CPR E 562X. Secure Software Engineering. (3-0) Cr. 3. Prereq:  CPR E 308 or COM S 352. Fundamentals and techniques to design and implement software systems. Assessment of security vulnerabilities in software systems, exploitation of software vulnerabilities, and methods to secure vulnerable software. Secure coding practices, data analytics for security, microservices and cloud services security. Reverse engineering and security assessment of cyber-physical systems.

CPR E 563X. Advanced Data Storage Systems. (3-0) Cr. 3. Prereq: CPR E 308 OR COM S 352. Focus on how to keep valuable digital data (e.g., scientific computations, financial transactions, family photos) safely in modern computer systems. Fundamentals of data storage technologies including state of the art. Topics include storage hardware, Linux file systems, and warehouse-scale big data storage, with an emphasis on the design tradeoffs for robustness and security. Team projects based on high-impact open-source systems.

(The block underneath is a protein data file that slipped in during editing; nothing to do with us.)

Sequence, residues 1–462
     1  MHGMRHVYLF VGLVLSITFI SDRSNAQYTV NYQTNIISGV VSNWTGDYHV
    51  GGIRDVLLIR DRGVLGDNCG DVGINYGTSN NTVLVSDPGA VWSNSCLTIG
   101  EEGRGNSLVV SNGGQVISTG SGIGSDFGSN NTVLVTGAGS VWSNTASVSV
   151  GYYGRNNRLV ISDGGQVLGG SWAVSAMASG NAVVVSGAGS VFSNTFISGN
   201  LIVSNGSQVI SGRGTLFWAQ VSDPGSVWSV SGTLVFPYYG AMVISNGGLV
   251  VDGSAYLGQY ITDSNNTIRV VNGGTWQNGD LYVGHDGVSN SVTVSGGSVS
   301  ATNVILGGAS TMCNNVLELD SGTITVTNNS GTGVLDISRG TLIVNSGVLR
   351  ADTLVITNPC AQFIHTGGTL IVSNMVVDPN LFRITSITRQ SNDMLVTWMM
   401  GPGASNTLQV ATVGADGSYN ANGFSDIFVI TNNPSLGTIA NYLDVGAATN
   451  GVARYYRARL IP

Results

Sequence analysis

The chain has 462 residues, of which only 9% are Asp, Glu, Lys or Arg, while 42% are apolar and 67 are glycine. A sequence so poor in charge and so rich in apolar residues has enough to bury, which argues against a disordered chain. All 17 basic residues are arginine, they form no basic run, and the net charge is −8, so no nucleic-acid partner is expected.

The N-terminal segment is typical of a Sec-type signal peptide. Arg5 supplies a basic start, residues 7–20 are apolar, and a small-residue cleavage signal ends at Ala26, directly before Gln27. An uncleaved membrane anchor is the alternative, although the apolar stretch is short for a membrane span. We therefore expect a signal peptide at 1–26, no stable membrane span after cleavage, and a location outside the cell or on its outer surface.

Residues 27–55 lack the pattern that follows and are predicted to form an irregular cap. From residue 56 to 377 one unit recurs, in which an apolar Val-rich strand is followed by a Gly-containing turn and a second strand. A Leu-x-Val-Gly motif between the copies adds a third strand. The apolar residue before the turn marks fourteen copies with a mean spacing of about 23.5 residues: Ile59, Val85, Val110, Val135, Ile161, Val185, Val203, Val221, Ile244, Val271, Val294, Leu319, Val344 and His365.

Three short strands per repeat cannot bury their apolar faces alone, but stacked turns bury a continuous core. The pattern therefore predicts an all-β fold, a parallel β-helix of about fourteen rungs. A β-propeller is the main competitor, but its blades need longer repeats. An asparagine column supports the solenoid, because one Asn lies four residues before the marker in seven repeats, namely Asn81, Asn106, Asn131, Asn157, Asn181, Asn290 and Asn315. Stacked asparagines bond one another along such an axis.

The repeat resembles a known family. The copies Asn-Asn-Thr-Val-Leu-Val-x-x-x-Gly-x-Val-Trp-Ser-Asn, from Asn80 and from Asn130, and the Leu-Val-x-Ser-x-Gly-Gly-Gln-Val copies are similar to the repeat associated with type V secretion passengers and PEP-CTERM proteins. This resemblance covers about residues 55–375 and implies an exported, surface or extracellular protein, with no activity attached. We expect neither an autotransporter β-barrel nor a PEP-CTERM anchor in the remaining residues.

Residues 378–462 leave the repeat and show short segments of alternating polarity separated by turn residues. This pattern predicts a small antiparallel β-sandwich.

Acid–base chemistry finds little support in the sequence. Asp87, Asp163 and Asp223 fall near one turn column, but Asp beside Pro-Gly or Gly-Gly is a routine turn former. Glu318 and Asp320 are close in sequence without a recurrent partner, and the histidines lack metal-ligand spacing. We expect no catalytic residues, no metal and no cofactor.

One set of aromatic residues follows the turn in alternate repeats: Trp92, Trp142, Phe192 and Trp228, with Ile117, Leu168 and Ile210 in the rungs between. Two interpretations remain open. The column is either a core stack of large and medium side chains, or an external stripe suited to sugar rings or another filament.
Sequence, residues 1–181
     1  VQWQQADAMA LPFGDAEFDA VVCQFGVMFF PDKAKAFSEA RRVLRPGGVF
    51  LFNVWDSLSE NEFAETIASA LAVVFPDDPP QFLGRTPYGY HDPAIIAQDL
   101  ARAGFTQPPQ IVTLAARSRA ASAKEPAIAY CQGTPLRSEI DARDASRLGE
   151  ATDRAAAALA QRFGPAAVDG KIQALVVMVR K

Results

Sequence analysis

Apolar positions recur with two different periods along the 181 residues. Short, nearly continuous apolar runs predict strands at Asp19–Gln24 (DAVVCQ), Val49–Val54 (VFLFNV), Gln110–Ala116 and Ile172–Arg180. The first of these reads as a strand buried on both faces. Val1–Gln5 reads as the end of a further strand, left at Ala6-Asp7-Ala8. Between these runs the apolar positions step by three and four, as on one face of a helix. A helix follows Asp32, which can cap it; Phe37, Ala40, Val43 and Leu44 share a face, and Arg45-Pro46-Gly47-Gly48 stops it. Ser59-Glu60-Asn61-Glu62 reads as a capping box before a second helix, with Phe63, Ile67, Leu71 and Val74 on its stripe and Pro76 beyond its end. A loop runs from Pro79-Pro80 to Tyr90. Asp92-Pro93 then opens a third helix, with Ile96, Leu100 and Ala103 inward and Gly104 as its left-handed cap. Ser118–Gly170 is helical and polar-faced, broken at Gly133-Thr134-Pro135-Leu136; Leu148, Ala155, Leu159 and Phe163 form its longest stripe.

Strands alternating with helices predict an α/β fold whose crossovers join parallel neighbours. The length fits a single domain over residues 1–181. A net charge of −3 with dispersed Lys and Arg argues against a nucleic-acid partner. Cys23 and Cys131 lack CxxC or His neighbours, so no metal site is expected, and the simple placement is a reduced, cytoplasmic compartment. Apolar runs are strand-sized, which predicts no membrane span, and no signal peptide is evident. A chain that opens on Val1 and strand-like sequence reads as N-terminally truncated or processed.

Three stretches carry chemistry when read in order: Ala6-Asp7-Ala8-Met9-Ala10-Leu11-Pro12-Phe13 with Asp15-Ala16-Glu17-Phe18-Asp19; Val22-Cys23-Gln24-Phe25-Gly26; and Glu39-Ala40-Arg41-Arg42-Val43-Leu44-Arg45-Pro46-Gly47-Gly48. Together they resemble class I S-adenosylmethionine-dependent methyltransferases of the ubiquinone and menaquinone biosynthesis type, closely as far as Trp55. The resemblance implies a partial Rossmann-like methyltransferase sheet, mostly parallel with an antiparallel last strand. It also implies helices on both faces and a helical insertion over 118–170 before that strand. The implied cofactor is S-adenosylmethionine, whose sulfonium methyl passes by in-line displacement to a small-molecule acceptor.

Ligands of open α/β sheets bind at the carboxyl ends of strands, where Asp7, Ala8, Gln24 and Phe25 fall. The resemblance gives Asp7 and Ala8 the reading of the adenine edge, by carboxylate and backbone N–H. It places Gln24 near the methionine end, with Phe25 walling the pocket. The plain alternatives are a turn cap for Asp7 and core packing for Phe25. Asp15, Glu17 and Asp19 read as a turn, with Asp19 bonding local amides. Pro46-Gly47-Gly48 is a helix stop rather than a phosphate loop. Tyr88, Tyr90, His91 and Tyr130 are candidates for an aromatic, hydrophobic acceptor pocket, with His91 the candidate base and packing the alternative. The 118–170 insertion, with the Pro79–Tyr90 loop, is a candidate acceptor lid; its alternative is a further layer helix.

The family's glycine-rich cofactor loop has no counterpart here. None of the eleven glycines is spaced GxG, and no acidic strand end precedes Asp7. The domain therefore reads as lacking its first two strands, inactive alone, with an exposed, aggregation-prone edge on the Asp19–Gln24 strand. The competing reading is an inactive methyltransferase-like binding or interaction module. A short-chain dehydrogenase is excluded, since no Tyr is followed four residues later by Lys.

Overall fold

CPR E 595X. Independent Study. Cr. 1-3. F.S.SS. Investigation of an approved topic commensurate with the student's prerequisites.

CPS 364X. Cyber-Physical Systems Application. (Cross-listed with AER E 364X). (2-2) Cr. 3. S. Prereq: ENGR 160 or equivalent course; credit or enrollment in MATH 267; knowledge of Python. Fundamental principles of cyber-physical systems and their system-level applications at an introductory level; introduction to radio control systems and control of actuators; computer programming of physical systems; data processing and communication; control loops; X-by-wire control systems; simulation; testing of control loops.